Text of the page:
Gingerbread muffins are one of my favorite things to bake this time of the year! This recipe makes 6 muffins with all the classic flavors of Southern gingerbread.
If you didn’t already suspect due to my intense masala chai obsession (don’t miss my chai cookie bars), I am a big fan of gingerbread. I love big, bold spices, and I love the slightly bitter flavor of molasses.
The smell of gingerbread muffins baking in the oven is the scent of the holidays in my house.
My grandmother made gingerbread frequently when I was growing up, and now that I look at the recipe, I see why. It’s a frugal little cake to make, often made with pantry staples. My grandparents grew up in the Depression years, though my Grandpa said they never noticed, because their gardens were bountiful. They were thankful to have plenty to eat. Luckily, times changed and things got much better, but those early baking years were formative for my Grandma.
My grandma is the original ‘dessert for two’ gal, often scaling down dessert recipes simply because she didn’t have enough apples, or because it was just her and my Grandpa. I think she loved making gingerbread because it was made in an 8×8″ pan, and requires just one bowl. A single-layer, one bowl cake is so helpful in the kitchen!
There is no doubt in my mind that my Grandmother’s gingerbread recipe is from Southern Living. The original recipe called for melted shortening, I believe, though it has since been updated with butter. I could be wrong about this, but I believe spices have been added to the ingredient list over the years.
Gingerbread muffins recipe:
Gingerbread spices are traditionally ginger, cinnamon, nutmeg, cloves, and allspice. I add orange zest to my gingerbread almost every time I make it, because I think the citrus flavor brings out the warmth of the spices. It’s your call, though, you can absolutely leave it out for the more traditional take.
Have you seen my gingerbread cut-out cookies made with fresh ginger?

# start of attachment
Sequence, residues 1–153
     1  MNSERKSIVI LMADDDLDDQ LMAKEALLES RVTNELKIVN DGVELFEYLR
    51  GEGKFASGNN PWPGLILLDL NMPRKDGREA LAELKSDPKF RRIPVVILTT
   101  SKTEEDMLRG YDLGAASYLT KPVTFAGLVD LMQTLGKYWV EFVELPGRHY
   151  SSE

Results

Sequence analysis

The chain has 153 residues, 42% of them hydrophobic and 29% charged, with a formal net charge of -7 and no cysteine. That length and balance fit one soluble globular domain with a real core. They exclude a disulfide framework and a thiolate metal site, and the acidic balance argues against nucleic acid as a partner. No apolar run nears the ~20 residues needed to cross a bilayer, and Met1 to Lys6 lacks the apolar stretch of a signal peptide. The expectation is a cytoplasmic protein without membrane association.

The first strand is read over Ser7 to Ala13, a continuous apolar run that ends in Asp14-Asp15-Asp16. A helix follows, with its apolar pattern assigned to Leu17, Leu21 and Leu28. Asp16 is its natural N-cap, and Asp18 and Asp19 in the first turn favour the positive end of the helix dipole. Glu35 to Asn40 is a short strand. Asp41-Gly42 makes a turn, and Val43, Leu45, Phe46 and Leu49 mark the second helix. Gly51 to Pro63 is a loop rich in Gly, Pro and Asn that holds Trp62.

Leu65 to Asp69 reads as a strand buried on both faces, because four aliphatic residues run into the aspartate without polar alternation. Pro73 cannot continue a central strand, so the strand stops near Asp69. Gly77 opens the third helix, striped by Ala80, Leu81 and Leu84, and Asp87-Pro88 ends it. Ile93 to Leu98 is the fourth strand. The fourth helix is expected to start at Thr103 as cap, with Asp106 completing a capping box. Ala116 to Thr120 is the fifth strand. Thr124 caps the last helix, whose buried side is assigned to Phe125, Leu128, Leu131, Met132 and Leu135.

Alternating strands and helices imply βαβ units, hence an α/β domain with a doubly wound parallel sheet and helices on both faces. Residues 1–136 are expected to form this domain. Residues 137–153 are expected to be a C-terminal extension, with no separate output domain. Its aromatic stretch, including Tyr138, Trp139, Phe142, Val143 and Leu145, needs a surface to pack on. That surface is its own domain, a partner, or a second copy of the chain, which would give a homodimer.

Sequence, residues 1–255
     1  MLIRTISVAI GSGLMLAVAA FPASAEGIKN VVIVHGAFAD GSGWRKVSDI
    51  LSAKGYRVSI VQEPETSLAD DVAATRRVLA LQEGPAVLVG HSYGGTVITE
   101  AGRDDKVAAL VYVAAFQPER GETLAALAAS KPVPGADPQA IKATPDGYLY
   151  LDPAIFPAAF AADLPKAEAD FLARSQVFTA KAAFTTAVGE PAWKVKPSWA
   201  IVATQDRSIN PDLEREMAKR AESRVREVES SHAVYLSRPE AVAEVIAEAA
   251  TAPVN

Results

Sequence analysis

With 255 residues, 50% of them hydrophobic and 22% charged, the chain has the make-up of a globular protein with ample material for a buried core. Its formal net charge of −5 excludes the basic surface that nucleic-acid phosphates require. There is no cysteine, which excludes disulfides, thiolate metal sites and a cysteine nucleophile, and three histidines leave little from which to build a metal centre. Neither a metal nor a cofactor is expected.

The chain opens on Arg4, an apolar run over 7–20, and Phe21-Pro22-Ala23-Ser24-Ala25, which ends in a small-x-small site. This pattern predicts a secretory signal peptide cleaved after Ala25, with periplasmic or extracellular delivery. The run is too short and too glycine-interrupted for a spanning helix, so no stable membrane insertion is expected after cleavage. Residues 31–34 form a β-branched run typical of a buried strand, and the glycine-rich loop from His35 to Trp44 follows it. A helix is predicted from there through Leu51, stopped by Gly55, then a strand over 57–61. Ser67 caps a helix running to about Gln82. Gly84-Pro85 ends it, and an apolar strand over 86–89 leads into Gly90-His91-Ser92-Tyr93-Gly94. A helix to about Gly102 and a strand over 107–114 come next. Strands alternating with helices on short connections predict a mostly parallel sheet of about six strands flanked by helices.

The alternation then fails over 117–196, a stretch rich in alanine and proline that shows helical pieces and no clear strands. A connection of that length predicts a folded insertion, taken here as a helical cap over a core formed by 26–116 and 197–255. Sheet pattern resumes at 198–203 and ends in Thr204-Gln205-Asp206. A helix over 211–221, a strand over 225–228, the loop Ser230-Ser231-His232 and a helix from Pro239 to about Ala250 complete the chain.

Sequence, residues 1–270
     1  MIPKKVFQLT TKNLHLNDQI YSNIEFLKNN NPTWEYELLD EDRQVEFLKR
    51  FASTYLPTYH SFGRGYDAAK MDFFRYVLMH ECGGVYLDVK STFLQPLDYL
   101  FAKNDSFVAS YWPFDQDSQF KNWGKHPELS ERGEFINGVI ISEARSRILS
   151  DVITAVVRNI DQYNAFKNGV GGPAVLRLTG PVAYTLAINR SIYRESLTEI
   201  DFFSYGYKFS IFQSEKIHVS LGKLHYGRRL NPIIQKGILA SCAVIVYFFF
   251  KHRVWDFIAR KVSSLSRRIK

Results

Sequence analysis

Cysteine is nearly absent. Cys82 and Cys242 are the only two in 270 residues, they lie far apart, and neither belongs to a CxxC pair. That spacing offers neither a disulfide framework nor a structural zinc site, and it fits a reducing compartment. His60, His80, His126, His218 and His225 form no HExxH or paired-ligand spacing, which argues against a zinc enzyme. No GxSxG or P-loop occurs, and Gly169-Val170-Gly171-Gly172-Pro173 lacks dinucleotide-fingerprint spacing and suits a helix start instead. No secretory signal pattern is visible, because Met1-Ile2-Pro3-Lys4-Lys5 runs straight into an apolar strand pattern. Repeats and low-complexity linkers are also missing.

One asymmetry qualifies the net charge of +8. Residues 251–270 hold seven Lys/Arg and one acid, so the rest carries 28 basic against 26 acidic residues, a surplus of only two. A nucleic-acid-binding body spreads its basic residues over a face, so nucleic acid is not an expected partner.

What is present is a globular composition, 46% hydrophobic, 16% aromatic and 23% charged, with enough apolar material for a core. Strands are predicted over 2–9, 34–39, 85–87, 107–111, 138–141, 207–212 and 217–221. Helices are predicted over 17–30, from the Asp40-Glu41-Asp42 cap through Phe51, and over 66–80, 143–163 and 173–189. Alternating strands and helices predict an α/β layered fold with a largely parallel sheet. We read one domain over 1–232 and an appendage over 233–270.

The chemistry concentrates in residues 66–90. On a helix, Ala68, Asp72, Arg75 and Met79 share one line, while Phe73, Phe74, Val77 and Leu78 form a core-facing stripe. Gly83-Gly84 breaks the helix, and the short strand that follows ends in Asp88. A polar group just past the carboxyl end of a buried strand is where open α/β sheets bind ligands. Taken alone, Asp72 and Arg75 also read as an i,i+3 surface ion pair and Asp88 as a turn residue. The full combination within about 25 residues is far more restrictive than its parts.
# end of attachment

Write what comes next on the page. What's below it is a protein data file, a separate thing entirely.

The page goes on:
These gingerbread muffins are a scaled down version of the Classic Gingerbread Cake in this month’s Southern Living. Their recipe calls for an 8×8″ pan, and I cut the recipe in half and baked it in 6 muffin cups.
My small muffin pan only bakes 6 regular-sized muffins. It’s the perfect amount of gingerbread muffins for two.
One recipe note in the Southern Living version that caught my eye was to bake the gingerbread the day before you want to eat it, and let it sit overnight for the flavors to develop. I can attest that this is absolutely the best thing to do. Overnight, the muffins get spicier, slightly more dense, and more moist. The tops of the gingerbread muffins get slightly sticky, so don’t let them touch anything while they rest overnight.
One final tip: don’t use molasses that says ‘black-strap’ on the label, or else it can make the muffins taste like ham. Ok, maybe not ham, but this weird savory flavor that just doesn’t work with baking. I use the regular Grandma’s molasses with the yellow label; you can get it anywhere.
This muffin recipe only uses the egg yolk of the egg; try my collection of recipes that use egg whites to use it up.
- 1/3 cup light brown sugar
- 1/3 cup molasses*
- 1/3 cup boiling water
- 2 tablespoons unsalted butter, softened
- 1/2 teaspoon baking soda
- 1/4 teaspoon salt
- 1 large egg yolk (egg white reserved for another use)
- 3/4 cup all-purpose flour
- 1 teaspoon ground ginger
- 1/2 teaspoon ground cinnamon
- 1/8 teaspoon ground nutmeg
- 1/8 teaspoon ground allspice
- 1/8 teaspoon ground cloves
- Preheat the oven to 350, and place 6 muffin liners into 6 cups of a muffin pan.
- Whisk together the brown sugar, molasses, boiling water and butter in a medium-sized glass bowl. Whisk until the butter melts, and then add the baking soda and salt. Set the mixture aside to cool for 10 minutes, whisking occasionally.
- Whisk in the egg yolk.
- Next, whisk together the flour and spices. Add this to the molasses mixture, and whisk to combine.
- Divide the mixture between the muffin cups, and bake on the lower third of the oven for 15 minutes, checking with a toothpick. Moist crumbs should cling to the toothpick, but it shouldn't be wet. It may need another 3-5 minutes.
- You can serve immediately, but they taste best if they're allowed to rest overnight in an air-tight container.
*Don't use black strap molasses.